Porsche has revealed the new HD matrix LED headlight technology it plans to introduce in 2023, claiming it sets new standards in ‘glare-free’ high beam lighting performance.

Initially to be made available as an option on the facelifted 2023-model-year Porsche Cayenne and Porsche Cayenne Coupé, the new technology differs significantly from that used by current Porsche models, with the high beam function now carried out by two separate light sources in each assembly.

Benjamin Hummel, head of lighting modules at Porsche, says the move was driven by a desire to further emphasise the four-point styling that has become a signature design element of the German car maker in recent years.

To that end, the new headlight forgoes the single high beam unit that sits in the middle of Porsche’s existing LED matrix headlight. It is replaced by two separate units within the lower points of each headlight, or four units overall.

Incorporating new HD LED technology developed in partnership with Bosch, Infineon and Nichia, each unit is imbued with 8192 LEDs or pixels. This provides a combined 32,768 pixels for the high beam function, which operates at an intensity of up to 300lx.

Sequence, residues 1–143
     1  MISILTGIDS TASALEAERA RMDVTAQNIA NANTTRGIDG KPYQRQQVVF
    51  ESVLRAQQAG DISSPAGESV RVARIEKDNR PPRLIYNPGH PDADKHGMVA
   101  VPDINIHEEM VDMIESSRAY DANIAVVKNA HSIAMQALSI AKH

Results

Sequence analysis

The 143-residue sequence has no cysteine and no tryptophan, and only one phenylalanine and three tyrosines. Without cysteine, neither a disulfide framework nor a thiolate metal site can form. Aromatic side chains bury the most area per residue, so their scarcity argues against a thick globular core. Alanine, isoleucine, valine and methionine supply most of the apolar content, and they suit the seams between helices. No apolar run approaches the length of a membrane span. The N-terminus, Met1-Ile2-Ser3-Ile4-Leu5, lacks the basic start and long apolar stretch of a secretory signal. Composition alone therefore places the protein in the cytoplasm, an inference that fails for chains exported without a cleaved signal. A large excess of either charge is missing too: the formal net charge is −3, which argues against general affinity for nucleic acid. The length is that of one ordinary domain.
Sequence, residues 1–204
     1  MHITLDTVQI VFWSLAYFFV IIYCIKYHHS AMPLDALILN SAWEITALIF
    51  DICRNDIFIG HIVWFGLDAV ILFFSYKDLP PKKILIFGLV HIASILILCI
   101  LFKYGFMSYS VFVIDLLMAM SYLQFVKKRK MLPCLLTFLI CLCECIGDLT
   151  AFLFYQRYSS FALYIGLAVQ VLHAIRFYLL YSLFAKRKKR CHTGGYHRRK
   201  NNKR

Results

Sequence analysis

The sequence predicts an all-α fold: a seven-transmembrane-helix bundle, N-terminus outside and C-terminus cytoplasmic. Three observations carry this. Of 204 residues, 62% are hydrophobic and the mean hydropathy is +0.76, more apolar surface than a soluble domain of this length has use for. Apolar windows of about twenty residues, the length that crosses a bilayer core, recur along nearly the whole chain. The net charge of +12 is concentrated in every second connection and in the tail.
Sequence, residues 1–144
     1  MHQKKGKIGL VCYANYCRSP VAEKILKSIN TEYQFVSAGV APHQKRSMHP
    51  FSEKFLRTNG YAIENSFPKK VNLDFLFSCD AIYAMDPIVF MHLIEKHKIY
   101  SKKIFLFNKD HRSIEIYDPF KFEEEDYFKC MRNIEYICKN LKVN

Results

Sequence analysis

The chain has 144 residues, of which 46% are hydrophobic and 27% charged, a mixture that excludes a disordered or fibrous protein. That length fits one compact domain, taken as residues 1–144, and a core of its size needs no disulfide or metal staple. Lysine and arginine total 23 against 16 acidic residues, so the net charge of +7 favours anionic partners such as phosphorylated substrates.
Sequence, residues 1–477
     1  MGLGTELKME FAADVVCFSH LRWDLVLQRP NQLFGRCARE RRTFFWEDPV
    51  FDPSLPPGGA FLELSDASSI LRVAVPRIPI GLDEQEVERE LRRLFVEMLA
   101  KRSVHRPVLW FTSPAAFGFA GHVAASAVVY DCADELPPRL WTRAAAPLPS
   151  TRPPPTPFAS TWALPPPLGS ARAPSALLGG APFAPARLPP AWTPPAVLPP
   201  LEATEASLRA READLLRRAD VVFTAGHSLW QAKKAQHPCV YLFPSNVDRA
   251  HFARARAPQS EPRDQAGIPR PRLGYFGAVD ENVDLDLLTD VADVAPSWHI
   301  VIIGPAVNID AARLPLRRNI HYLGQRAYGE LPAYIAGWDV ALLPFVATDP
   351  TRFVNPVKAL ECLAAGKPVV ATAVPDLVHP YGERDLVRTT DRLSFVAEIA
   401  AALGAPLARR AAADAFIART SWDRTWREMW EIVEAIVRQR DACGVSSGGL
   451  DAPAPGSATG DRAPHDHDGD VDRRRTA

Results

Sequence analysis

By comparison, Porsche’s existing single-unit LED matrix system offers 84 pixels per headlight, or a combined 168 pixels.

Hummel says the twin high beam set-up provides added homogeneity and performance compared with the single high beam unit currently in use.

“At 300lx, it is possible to project the high beam up to 600m. But it is not only about a certain range. You need good light distribution within the whole field, too. We achieved this with four light sources. The brightness of the centre and side areas can be continuously adjusted for added roadside illumination. Greater illumination leads to better lighting performance,” he said.

The breakthrough that has allowed Porsche to package the high beam function of its new HD matrix LED headlight into two separate units is new micro-LED technology. Each LED is described as having the thickness of a human hair, allowing 8192 separate LEDs or pixels to be packaged in each of the light sources.

A newly developed HD ECU also provides automatic 3D graphic calculation of the lighting contribution of each LED, says Porsche.

In combination with a stereo camera and infrared sensor mounted within the windsceen, the new Porsche headlight provides matrix properties, with fellow road users, on-coming cars and other areas able to be blanked out of the light projection.

“Navigation, traffic, chassis and steering parameters are also part of the calculation,” said Hummel.

The intensity of the high beam light can now be adjusted in 124 different steps, with 60Hz operation enabing a refresh in the projection every 16 milliseconds. This is claimed to reduce glare and dazzle on road signs and the like.



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